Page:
My affinity for John Mayer’s music has always tied in to the fact that I feel the dude. His songwriting resonates with me. I remember the day I discovered Room for Squares, sometime in late 2001, sitting on the floor of the record store I was managing while construction workers buzzed around. “No Such Thing” and “Neon” immediately went into the store’s regular rotation, as I excitedly told customers about John Mayer (which I then pronounced the same way you pronounce Oscar Mayer.)

A decade and change later, there have been ups (Continuum won over almost every single one of my friends who made fun of me for liking the “Your Body is a Wonderland” guy) and there have been downs (the disappointing Battle Studies album.) John’s also (rightfully) caught a bit of flak for being a bit of a douche, making insensitive comments about the women he’s dated, and for making a couple of public faux pas that could be construed as racist. Ultimately, I have a long leash when it comes to people who do dumb shit occasionally-after all, we’re human. I was more disappointed in the diminishing quality of his music than I was in any of his public pronouncements.

So I approached the release of John’s fifth (or sixth, or seventh, depending on whether you count Try! or Inside Wants Out) album, Born And Raised, with trepidation. Would it continue the downward spiral? Or would it be a return to form?

Ladies and gentlemen, it’s really good to have John Mayer back.

I don’t know that Born And Raised will win over any detractors. It’s not an album that’s meant to bowl anyone over. But it is a consistent, entertaining listen. The production (provided by the legendary Don Was) is warm, sympathetic and more spare than on any previous Mayer album. Having suffered a little bit of backlash and given some time to lick his wounds, John’s songwriting has gone off autopilot and has regained it’s earnestness and humanity.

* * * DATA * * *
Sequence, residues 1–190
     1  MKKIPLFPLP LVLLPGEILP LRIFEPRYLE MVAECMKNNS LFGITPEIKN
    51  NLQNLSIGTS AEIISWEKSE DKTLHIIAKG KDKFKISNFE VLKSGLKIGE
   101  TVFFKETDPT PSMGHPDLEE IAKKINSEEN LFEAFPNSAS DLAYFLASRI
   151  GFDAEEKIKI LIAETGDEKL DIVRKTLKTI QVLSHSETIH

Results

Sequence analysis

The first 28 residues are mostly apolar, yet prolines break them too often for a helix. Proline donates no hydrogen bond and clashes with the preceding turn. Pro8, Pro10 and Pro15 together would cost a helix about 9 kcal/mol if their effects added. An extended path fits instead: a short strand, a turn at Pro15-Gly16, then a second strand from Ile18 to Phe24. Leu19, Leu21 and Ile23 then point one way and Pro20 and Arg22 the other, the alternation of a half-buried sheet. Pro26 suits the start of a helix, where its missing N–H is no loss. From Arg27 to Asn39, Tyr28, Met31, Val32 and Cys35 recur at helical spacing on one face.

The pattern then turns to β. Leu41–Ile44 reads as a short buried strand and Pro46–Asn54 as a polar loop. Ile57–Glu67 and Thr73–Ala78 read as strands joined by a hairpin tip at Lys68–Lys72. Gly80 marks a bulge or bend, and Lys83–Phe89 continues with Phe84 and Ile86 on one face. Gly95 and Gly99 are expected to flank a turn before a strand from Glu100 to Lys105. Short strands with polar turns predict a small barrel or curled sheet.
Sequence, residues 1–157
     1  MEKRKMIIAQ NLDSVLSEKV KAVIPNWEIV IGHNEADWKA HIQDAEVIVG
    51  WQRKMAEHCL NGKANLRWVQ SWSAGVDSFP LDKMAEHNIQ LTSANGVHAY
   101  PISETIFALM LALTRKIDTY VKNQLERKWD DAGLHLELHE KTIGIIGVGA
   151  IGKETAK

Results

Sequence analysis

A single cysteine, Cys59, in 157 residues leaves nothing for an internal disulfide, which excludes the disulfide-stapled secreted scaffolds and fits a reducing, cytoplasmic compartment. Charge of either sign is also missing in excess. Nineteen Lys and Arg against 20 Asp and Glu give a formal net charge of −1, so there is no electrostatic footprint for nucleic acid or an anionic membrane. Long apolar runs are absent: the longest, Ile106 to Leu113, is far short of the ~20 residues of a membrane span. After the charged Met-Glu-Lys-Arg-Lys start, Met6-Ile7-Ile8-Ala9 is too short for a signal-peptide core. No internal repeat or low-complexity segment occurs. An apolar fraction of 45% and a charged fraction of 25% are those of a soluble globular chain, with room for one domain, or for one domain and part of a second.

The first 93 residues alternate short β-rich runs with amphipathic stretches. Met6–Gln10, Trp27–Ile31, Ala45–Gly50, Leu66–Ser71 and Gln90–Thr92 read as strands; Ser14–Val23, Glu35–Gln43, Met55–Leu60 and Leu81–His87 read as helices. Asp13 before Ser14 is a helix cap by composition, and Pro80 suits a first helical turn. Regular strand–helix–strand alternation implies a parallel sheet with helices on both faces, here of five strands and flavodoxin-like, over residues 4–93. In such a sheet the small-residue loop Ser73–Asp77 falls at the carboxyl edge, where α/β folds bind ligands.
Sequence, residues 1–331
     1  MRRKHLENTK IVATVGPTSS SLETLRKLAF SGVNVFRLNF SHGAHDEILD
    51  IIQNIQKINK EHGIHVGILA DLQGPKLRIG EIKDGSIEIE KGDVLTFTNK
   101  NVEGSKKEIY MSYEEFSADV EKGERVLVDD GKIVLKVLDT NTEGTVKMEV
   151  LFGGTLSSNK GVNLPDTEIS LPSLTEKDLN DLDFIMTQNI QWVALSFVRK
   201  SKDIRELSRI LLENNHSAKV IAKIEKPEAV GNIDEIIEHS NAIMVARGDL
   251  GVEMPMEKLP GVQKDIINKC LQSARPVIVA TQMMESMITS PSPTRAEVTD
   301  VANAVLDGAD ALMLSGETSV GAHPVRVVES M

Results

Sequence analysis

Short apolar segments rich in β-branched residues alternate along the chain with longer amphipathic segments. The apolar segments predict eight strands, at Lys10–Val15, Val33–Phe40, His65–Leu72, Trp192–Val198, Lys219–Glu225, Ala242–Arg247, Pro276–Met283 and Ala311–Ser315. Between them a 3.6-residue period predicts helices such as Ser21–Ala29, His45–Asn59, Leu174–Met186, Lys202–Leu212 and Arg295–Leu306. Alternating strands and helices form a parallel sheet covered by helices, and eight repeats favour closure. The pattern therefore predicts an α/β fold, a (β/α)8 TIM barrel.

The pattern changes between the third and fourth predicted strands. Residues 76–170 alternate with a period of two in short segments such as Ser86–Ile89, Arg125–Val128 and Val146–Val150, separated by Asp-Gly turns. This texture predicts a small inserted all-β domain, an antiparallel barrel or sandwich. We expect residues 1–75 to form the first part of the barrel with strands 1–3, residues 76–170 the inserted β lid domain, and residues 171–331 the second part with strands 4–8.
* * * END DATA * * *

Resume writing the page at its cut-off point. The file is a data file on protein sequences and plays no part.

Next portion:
The nods to singer-songwriter rock of the early Seventies are evident from the first track. “Queen of California” references both Neil Young and Joni Mitchell, and Born And Raised does sound like a 21st century update of albums like Harvest and Blue. Hell, Graham Nash and David Crosby show up to add still-sterling (and immediately recognizable) background vocals to the album’s title track.

Lyrically, John’s still unsettled about many things. His self-doubt is probably one of the most endearing characteristics of his songwriting, and it’s evident whether he’s referencing his PR issues (“Speak for Me”), his relationship travails (“Shadow Days”), or his desire to meet a lover who isn’t part of the show business circle in “Whiskey, Whiskey, Whiskey.” Lyrically, Born And Raised is tinged with melancholy, but standout track “The Age of Worry” asks that we set our doubts aside and live in the moment, while “A Face to Call Home” imagines a man planning his future together with a partner despite only knowing her for a month.

Honest, sincere lyricism. Low-key, sympathetic production. Fantastic, yet subtle, instrumental performances. Born And Raised might be the first album of 2012 that I’ve been reluctant to stop playing on repeat. While John’s medical problems (and his reputation) may prevent this album from getting the full hearing it deserves, I advise you to throw your preconceptions out the window and enjoy what I consider to be the best album of 2012 so far. Call it a comeback.

Grade: A

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